Cate Star Kelly, Seattle
13. An Accordion Too Many
Although now 41 years ago, I still give all brides the same advice: Make sure your band is listed in the contract by musician’s name and instrument. I booked my band with a band leader who played at the Chicago Gold Coast Hotel. I verbally specified a piano, sax, drums and bass and said I hated electric guitars and accordions. But it wasn’t written in the contract. So guess what showed up! My only compensation was that my lawyer uncle got a 50 percent refund, but it was too late to change out the musicians that night!
Stefanie Livolsi, Pasadena, Calif.
14. Don’t Sweat the Weather
I always dreamed of the perfect fall outdoor event. I was glued to the weather reports leading up to the ceremony. It didn't rain, thank goodness, but it was very hot and humid despite it being October. My husband's glasses fogged up during the vows and his best man was sweating more than I thought humanly possible.
Gina Hill, Atlanta
15. Lace and Lace-Ups
I wish I'd known how contentious my little “no-big-deal” decisions would be. We disagreed with my parents on a lot of the choices I thought we would — venue, date, food options, etc. — but the seemingly smaller details were such big deals to them. For example, I wore bedazzled Converse under my dress. Who cares what's on my feet? My mom was appalled, and vociferously. Similarly, there were two staircases on either side of the church leading up to the platform where we were married. Dad hands me off to my husband, then we each climb up from opposite sides. I had to hang up on my parents, it got so bad. Me, walking unattended, for 14 steps? Blasphemy! It all ended up going well in the end, but oh, the weeks before.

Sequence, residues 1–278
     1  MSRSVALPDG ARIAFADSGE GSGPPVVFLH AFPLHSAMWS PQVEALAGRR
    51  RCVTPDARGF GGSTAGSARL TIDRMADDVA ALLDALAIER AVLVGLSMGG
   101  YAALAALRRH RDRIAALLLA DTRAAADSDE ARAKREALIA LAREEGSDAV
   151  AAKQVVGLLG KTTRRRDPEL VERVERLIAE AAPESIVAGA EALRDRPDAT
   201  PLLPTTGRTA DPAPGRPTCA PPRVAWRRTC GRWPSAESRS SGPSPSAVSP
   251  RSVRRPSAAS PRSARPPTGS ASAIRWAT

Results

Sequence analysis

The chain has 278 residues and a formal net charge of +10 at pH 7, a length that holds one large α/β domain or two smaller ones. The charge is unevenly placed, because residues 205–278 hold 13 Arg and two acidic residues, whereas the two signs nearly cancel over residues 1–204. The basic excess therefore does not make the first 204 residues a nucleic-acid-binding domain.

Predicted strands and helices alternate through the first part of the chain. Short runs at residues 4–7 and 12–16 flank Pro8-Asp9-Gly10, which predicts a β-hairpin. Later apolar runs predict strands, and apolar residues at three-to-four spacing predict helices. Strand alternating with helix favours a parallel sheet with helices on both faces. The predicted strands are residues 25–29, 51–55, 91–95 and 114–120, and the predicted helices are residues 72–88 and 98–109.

Cate Iovanni, New Orleans
16. PayPal Is Not for Vendors
Make backups of everything that is important to you, both on paper and in terms of equipment. Oh, and don’t pay your wedding vendors through PayPal.
Tara Tyrrell, Boston
17. I Do, and a Tissue, Please.
I neglected to slide some tissues up the sleeve of my lacy top. I spent much of the ceremony sniffing and trying to unobtrusively wipe tears of joy from my face. Oh, and we also forgot to make sure our cameras had fresh batteries for their flash attachments, But that's no longer the problem it was in 1973!
Sharon Smith, Brentwood, Calif.
18. Perfection Is Overrated
Don't stress over the small details. They almost never matter. Some brides and grooms want to plan the perfect wedding party and often get so absorbed in the planning that they think that the small things (tablecloth material, uplight color, entrance songs) will make or break the night. They forget about the important things (spending time with each other and families). As long as the two people getting married are happy (and the guests are well fed), the celebration will go down as a good one.
Supriya Sarkar, Atlanta
19. Runaway Brides
If there is still time: Elope, elope, elope.
Finn McMahon, Winnipeg, Manitoba, Canada
20. Full Table, Full Hearts
I wish I had asked our photographer to take a group picture at every table. I know it’s cheesy, but it ensures that you have a memory of everyone who was there. Our album is beautiful, but it pains me that some of our friends and loved ones aren’t pictured at all.
Lauren Covello Jacobs, Astoria, Queens